Thursday, February 05, 2004

We Think You May Be Missing the Point of a Food Blog, Flea.

Well, maybe so. But I can't help it. One of the books on my need-to-read list last year was Mary Roach's Stiff, a non-fiction book about the adventures of cadavers. For most of the book, she chats airily about the remains of people who have donated their bodies to science and the surprising way those remains are often used. But toward the end she veers off the subject and begins addressing more bizarre subjects such as cannibalism and people who gamely try a head transplant with what one would assume are unwilling monkeys and reanimate severed heads and other wholesome pursuits.

What does this have to do with food? You ask. Surely you're not posting this crap solely to hurt us, are you? No! No no no! No...not really. Maybe a little. But mostly no.

I did want to post these bit from the book, though:

In 1971, [neurosurgeon Robert] White achieved the unthinkable. He cut the head off one monkey and connected it to the base of the neck of a second, decapitated monkey. The operation lasted eight hours and required numberous assistants, each having been given detailed instructions, including where to stand and what to say. White marked off everyone's position on the floor with chalk circles and arrows, like a football coach. The first step was to give the monkeys tracheotomies and hook them up to repirators, for their windpipes were about to be severed. Next White pared the two monkeys necks down to just the spine and the main blood vessels - the two carotid arteries carrying blood to the brain and the two jugular veins bringing it back to the heart. Then he whittled down the bone on the top of the body donor's neck and capped it with a metal plate, and did the same thing on the bottom of the head. (After the vessels were reconnected, the two plates were screwed together.) Then, using long, flexible tubing, he brought the circulation of the donor body over to supply its new head and sutured the vessels. Finally, the head was cut off from the blood supply of its old body.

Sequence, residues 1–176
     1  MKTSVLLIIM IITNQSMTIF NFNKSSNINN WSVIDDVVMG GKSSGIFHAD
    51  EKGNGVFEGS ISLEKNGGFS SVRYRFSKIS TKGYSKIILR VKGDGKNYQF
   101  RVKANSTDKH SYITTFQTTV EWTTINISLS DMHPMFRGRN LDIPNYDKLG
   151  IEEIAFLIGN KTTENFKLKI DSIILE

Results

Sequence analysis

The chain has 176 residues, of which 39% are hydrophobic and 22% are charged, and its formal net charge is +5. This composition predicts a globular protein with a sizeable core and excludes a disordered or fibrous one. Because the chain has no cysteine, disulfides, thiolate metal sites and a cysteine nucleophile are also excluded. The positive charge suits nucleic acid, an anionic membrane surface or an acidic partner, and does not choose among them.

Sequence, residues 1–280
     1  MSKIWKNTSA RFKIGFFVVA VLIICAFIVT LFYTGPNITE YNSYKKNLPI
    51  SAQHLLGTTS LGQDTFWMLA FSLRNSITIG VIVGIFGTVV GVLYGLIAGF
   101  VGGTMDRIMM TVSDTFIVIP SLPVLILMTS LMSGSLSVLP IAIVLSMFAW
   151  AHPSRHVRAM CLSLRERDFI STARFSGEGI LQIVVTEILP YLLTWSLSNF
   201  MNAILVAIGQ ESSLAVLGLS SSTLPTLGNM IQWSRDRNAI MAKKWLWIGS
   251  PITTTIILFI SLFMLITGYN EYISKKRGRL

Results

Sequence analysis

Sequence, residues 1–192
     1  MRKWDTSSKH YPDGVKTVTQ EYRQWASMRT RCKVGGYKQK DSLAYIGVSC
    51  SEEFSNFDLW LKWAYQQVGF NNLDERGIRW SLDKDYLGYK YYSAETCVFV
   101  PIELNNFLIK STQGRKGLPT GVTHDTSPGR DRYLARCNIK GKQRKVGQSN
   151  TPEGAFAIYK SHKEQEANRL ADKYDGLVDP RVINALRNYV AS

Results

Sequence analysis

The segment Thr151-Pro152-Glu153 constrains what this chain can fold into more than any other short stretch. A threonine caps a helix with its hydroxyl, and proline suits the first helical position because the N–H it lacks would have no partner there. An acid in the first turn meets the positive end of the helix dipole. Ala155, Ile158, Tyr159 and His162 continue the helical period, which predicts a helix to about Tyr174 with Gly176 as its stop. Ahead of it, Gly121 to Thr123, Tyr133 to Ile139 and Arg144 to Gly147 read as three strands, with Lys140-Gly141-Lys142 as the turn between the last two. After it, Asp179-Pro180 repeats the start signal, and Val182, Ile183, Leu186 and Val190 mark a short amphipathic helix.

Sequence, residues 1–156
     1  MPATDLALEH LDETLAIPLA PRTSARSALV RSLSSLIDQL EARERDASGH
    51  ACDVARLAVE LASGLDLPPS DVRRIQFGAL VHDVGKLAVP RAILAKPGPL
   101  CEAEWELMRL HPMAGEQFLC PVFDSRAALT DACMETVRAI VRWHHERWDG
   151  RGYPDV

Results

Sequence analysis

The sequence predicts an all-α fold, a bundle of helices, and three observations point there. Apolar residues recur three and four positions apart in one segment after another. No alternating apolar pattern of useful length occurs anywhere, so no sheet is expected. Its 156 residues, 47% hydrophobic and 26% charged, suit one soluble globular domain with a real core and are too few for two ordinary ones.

Still here? No? Well, I'll keep going anyway. Now, read this:

[My conversation with White] has moved from White's lab to a booth in a nearby Middle Eastern restaurant. My recommendation to you is that you never eat baba ganoush or, for that matter, any soft, glistening gray food item while carrying on a conversation about monkey brains.

So my point of all this is: the day after I read these excerpts, I went out to eat with fellow food-bloggers Emily and Brooke, and did exactly what Roach specifically warned me not to do - talk about monkey brains while eating baba ganoush. And I wasn't being rebellious in that "nobody tells ME I can't talk about monkey brains!" kind of way. It just kind of came up.

Okay, I brought it up. Because I told Brooke that I thought of her when I read about severed monkey heads, for reasons of my own that I see no need to get into here. The important thing is this: that's what everyone wants to hear, isn't it? Brooke = severed monkey heads. What was I thinking? Why would I tell someone she reminded me of severed monkey heads? During consumption of a product that looks like runny monkey brains?

But here's the really funny thing: She didn't seem to mind being compared to severed monkey heads. Emily sort of looked like she wanted the ground to open up and swallow her, or, more preferably, me, but Brooke just smiled and nodded. Severed monkey heads, you say? Sure, why not?

But then again, this is a woman who happily talked about worms that embed themselves into your muscle tissue if you're unfortunate enough to eat undercooked infected meat while we were eating sushi last fall, so there you go.

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